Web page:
© St Patrick's Well and Statue
Danaher mentions five wells in the parish but we only came across three
wells on our visit to the parish. St. Patrick's well in the townland of
Ballyelan is the only well in the parish where any devotions still take
Legend tells that St. Patrick passed the well on his way to Ardpatrick
from Knockpatrick. A stone bearing the print of his hand was supposed
to have been at the well. On St. Patrick's Day in 1999, the people marched
from the church in Ballingarry to the well.
In the past, mass was said on March 17th but nowadays the Rosary is said
at the well due to the well being situated on a bend in the road. The
water is believed to cure sore eyes. The well has been renovated and a
statue of St. Patrick stands over the well.
© Tobar Ri an Domhnaigh
Just outside Ballingarry there are two wells in the townland of Rylanes
on opposite sides of the road. Sunday's well is now used for the public
water supply in the village. The well was called Tobar Rí an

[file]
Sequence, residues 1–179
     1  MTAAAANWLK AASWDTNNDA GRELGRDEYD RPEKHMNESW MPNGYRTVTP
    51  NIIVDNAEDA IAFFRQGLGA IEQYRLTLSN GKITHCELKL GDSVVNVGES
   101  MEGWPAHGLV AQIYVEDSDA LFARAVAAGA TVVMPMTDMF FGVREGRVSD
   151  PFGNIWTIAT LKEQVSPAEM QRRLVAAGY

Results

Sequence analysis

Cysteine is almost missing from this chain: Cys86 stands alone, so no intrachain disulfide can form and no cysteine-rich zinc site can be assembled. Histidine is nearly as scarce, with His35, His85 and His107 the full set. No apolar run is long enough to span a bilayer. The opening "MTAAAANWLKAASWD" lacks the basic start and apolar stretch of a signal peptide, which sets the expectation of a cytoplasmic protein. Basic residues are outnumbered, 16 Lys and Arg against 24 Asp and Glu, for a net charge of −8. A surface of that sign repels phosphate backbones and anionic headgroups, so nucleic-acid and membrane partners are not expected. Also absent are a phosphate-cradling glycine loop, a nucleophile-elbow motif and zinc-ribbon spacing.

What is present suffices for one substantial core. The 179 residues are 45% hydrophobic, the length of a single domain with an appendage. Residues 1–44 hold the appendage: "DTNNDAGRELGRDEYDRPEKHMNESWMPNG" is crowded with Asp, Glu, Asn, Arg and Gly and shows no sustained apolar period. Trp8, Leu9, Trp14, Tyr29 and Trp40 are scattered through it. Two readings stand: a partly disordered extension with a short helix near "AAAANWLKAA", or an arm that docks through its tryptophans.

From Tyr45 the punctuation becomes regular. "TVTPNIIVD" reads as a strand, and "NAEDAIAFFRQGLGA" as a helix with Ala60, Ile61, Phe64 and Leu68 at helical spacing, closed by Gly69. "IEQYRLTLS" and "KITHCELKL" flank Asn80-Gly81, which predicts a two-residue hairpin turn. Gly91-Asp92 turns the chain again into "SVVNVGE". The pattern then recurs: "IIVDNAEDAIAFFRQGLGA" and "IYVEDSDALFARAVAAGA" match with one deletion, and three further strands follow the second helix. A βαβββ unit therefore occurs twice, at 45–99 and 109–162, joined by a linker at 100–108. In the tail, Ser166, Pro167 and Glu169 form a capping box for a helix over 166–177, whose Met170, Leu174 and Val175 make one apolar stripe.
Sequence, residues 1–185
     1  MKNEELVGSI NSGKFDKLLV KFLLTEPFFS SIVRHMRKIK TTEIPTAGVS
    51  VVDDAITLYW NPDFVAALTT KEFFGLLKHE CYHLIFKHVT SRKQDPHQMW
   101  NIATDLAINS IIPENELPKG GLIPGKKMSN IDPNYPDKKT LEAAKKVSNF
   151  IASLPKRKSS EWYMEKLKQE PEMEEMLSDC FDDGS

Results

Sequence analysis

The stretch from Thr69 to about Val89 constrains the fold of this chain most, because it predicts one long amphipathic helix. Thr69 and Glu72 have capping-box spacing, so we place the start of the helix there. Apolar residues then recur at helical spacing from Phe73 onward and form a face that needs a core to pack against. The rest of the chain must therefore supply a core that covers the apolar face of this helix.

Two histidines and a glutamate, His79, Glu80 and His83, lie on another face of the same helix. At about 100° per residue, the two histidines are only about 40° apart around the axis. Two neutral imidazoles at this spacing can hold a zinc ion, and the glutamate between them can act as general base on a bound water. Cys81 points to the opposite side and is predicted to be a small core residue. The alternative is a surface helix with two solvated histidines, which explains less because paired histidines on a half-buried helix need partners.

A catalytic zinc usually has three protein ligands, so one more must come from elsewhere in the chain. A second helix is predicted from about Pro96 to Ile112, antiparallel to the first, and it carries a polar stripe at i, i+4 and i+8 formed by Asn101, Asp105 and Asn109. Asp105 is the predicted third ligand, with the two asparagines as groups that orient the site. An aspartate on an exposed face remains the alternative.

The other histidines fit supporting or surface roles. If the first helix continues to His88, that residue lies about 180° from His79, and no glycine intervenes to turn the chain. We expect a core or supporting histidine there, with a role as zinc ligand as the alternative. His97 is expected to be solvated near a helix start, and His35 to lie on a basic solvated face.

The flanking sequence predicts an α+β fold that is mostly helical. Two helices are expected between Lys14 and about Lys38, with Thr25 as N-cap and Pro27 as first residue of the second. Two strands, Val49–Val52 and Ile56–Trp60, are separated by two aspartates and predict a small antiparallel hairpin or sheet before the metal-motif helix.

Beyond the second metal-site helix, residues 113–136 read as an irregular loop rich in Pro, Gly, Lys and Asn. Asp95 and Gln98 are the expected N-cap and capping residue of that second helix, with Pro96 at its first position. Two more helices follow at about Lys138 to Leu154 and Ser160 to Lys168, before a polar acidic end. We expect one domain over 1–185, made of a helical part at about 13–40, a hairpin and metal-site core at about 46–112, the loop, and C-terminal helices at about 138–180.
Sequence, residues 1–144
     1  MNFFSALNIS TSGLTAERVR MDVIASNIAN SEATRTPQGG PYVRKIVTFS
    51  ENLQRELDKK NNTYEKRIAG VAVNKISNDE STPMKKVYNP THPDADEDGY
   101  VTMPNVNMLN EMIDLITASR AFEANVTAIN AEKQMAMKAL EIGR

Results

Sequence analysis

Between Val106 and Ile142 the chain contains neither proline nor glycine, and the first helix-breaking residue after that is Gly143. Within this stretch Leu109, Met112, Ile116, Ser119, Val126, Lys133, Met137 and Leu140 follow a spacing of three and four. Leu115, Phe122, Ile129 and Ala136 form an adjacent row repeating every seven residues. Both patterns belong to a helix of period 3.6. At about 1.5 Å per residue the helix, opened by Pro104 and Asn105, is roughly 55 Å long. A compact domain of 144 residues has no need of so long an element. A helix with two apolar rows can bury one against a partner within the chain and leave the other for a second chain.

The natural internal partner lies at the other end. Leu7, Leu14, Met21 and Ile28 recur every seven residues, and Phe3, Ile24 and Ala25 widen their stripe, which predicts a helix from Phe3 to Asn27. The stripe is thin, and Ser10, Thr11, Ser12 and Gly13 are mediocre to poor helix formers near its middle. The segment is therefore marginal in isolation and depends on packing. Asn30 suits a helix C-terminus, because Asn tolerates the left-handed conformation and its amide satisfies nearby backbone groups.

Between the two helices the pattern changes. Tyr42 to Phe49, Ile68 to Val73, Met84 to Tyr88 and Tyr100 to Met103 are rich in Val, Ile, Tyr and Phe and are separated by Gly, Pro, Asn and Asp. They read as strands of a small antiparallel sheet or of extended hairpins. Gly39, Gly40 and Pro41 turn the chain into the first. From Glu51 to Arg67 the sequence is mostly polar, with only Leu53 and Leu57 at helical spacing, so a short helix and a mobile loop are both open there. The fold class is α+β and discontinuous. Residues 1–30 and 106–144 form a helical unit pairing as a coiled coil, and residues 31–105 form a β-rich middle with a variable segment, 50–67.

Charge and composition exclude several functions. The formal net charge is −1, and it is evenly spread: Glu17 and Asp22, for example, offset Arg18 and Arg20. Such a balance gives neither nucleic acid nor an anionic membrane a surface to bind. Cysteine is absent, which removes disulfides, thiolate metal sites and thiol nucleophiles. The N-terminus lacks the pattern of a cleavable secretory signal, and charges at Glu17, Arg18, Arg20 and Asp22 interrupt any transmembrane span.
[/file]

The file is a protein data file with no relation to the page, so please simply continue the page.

Domhnaigh in Irish. The well used to be visited on Saturday evenings
and Sunday mornings. The water was said to cure many diseases.
© St John's Well
The other well in Rylanes is John's well. This well is a
small spring in a field and a number of trees surround the well. A woman
used to draw water from the well until a couple of years ago. No devotions
take place at the well nowadays.
Danaher also says there was another St. Patrick's well in Coolrus. The
well was a strong spring that was surrounded by thorn bushes and rags
were left on the bushes. The water was meant to cure sore eyes. St. Patrick
blessed the well and the well moved when clothes were washed in the well.
The final well that is mentioned in Danaher's "Holy
Wells of Co. Limerick" is in the Granagh side of the parish. The
well is called the Blessed well and is in the townland of Graigacurragh.
The small well is about 400 yards from Granagh church. No devotions are
remembered and the water is said to cure stomach disorders if drunk before
There is also a Sunday's well at Lissyfine, which was situated
on side of Liskennett hill, and it was never known to go dry. The water
was said to cure diseases of the eye.
© Knockfierna Cross
In the Holy Year of 1950 a cross was erected on the hill
of Knockfierna. The cross is surrounded at the base by the stones of the
ancient cairn, which may have been used in the building of Stuadhraicin.
© Ballingarry Shrine
Near Tobar Rí an Domhnaigh well is a Marian